InPhase's first-generation product has a data transfer rate of 20MB/sec, 100,000-hour meantime between failure rate and a 50-year expected lifespan. By the end of 2008, InPhase plans a second-generation 800GB optical disc with data transfer rates of about 80MB/sec, with plans to expand its capacity to 1.6TB by 2010. Diaz said his company plans to make all of its products backward compatible.
Each holographic disk actually holds up to 600GB. According to Nelson Diaz, CEO of InPhase, the remaining 300GB not being used for data storage is taken up by error correction software.
To a backup server the holographic disc looks like a drive letter, allowing users to drag and drop files.
The optical platters are encased in a 5.25in square casing that looks like a floppy disk, except that they're 3mm thick. The platter itself is 1.5mm thick and data is written as a holographic image throughout the substrate of the disc.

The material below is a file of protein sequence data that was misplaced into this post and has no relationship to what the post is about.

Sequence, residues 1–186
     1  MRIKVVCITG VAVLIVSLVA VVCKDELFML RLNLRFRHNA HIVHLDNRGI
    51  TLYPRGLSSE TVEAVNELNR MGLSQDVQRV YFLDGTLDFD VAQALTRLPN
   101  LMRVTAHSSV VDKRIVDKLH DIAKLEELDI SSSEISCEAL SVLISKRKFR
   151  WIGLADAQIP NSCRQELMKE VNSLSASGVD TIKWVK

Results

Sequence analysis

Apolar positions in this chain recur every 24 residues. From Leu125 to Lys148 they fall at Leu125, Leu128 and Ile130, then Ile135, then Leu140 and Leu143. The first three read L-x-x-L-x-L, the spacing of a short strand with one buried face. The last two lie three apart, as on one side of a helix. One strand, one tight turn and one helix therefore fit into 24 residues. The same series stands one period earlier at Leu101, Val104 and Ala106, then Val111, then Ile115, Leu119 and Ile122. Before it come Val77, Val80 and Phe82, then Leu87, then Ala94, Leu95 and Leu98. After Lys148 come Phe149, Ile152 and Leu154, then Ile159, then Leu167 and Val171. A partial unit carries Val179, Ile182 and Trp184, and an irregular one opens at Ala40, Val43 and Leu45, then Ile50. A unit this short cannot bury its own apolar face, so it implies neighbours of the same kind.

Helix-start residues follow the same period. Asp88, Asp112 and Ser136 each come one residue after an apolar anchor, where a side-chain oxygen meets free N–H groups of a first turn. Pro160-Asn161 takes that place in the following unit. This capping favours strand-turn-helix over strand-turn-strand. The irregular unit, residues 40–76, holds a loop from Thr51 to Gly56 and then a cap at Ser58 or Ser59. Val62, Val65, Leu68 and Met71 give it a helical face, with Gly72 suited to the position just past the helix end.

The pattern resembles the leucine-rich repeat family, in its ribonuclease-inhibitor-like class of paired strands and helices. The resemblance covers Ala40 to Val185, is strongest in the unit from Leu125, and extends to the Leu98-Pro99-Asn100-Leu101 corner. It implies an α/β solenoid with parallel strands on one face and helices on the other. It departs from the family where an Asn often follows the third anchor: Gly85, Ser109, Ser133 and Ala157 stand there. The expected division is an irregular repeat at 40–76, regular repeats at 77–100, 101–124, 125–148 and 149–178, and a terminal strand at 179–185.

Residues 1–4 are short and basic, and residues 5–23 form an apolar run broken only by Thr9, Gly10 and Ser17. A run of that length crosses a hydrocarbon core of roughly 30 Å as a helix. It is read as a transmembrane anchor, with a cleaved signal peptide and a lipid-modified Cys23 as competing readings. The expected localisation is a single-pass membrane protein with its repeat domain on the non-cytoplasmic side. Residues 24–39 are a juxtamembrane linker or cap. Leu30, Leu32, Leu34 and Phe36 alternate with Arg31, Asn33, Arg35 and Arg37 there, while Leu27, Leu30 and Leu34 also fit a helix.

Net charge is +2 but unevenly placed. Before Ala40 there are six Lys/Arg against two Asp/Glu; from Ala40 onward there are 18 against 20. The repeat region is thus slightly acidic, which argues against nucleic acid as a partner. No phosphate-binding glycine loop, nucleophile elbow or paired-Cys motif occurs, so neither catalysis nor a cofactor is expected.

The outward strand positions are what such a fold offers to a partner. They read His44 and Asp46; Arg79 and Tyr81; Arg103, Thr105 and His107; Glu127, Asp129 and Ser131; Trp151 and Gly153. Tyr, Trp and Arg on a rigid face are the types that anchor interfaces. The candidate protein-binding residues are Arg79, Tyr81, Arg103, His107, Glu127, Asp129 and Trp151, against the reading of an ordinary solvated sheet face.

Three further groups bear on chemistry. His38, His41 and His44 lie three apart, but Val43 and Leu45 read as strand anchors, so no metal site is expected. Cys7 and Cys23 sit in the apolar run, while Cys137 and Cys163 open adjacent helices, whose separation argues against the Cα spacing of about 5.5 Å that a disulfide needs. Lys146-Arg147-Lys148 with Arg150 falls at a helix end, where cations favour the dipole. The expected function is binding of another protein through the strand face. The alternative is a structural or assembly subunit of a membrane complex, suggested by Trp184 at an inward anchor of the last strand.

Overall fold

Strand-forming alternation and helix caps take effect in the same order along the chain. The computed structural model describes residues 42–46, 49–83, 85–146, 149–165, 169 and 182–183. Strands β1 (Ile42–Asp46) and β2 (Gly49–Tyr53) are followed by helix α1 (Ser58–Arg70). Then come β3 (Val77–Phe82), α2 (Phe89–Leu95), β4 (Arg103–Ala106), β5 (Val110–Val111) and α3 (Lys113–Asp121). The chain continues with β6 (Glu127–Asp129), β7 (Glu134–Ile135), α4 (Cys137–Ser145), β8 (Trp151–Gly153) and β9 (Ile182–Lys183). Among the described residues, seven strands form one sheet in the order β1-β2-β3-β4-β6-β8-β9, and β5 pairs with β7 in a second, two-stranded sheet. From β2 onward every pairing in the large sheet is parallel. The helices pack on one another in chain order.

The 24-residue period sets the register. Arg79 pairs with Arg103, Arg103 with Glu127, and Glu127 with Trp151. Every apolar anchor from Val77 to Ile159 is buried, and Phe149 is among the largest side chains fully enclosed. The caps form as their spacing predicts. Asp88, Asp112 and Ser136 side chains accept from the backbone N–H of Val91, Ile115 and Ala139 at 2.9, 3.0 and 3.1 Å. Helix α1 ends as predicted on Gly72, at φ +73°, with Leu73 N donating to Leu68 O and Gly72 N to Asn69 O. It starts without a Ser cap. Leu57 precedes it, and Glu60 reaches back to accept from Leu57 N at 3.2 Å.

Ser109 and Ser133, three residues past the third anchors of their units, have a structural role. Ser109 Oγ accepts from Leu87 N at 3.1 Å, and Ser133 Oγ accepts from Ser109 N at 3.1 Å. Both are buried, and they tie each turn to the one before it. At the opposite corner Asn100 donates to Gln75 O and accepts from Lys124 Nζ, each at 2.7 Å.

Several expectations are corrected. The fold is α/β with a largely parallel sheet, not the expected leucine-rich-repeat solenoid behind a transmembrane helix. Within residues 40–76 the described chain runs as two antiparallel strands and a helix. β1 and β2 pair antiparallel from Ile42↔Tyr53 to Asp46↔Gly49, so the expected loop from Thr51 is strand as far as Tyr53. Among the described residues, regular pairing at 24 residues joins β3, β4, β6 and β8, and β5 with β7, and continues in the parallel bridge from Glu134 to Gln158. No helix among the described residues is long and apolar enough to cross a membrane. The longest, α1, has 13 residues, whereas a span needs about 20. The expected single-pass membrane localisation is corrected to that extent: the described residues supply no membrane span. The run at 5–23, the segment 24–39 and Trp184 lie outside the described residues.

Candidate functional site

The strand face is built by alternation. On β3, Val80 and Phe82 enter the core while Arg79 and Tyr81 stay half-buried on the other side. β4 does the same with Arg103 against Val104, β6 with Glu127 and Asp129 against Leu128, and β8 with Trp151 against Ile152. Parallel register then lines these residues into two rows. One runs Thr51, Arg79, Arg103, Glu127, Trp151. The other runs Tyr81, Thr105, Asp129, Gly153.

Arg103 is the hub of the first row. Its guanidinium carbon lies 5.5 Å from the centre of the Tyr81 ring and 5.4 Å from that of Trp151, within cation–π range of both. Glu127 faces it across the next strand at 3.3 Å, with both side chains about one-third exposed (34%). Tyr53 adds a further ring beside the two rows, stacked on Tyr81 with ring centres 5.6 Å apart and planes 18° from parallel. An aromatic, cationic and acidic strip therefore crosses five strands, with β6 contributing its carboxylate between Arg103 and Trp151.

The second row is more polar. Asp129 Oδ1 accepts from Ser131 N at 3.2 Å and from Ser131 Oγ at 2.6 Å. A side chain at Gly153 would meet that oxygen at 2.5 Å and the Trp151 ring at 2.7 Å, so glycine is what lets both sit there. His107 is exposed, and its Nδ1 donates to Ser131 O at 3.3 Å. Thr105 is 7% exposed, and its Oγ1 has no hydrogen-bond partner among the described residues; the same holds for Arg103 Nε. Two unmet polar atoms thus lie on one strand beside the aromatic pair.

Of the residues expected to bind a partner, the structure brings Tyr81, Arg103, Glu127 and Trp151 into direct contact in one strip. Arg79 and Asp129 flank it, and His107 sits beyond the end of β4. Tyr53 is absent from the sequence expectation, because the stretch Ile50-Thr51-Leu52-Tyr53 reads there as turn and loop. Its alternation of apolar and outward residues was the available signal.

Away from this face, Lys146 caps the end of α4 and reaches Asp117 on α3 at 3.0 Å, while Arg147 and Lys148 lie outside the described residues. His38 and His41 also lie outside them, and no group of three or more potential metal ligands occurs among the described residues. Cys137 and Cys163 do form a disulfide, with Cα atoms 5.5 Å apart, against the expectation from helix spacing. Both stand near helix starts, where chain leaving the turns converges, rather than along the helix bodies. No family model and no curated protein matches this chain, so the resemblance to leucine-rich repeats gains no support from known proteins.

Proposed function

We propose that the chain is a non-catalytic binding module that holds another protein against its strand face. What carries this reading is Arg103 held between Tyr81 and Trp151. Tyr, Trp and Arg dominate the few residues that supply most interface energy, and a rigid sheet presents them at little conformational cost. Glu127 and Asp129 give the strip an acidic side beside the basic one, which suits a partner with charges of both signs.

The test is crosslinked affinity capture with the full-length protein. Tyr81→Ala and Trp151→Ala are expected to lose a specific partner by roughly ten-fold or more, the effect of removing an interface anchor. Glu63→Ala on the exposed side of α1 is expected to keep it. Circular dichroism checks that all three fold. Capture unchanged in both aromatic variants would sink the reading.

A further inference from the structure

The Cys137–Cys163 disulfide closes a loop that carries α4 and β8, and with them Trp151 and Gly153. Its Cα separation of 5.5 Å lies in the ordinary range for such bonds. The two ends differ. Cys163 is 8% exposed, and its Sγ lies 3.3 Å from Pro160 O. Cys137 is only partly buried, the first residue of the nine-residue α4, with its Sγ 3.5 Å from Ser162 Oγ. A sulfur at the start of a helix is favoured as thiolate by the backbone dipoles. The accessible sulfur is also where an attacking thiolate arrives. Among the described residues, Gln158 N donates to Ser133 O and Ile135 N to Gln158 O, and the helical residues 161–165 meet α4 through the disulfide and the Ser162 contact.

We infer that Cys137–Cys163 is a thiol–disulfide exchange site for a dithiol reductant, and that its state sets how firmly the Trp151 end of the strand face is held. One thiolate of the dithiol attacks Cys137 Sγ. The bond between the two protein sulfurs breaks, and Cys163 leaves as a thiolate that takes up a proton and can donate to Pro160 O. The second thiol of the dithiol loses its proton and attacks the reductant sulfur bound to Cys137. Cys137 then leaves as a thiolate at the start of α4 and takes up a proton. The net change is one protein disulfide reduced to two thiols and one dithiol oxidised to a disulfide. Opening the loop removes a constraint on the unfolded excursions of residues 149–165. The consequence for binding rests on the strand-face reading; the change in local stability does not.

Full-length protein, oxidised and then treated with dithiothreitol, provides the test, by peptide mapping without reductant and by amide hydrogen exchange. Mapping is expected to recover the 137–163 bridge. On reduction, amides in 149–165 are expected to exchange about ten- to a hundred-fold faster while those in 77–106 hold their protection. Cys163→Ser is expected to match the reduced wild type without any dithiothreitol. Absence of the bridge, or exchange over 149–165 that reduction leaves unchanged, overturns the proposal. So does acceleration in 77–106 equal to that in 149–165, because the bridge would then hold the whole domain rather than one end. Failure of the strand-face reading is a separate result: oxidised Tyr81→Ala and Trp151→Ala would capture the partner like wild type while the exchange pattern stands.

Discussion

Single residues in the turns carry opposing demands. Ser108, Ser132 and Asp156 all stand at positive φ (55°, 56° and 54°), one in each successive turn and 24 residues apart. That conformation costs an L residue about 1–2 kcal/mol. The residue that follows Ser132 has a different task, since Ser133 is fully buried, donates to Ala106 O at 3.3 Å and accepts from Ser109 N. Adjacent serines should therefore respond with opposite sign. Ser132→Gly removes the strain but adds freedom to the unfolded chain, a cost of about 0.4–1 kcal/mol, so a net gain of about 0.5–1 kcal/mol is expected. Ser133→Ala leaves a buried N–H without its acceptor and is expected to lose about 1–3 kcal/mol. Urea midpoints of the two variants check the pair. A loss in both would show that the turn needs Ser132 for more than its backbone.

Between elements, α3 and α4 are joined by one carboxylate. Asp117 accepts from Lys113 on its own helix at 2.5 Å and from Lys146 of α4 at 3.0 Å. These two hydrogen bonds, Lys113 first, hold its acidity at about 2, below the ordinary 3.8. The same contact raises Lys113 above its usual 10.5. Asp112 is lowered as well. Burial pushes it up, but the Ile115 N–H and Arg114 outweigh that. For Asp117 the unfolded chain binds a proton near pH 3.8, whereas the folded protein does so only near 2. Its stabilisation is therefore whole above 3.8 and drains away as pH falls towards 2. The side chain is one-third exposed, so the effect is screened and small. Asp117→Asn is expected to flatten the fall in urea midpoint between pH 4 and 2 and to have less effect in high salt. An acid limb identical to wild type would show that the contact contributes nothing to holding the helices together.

Unlike CDs and DVDs where data is written on the surface, data is written throughout the substrate of the disc, meaning scratches, dust or dirt have little effect on data retrieval.
At $18,000 for a holographic disk drive, InPhase has priced its product roughly mid-point between a $30,000 enterprise-class tape drive and midrange tape drives such as LTO tape drives, which go for around $4,000. The holographic platters will retail for $180 each.
InPhase was spun off the technology from Bell Laboratories in 2000. The company plans to sell the product through resellers. Hitachi Maxell will be manufacturing the tapestry line of holographic discs with photopolymer materials from Bayer MaterialScience.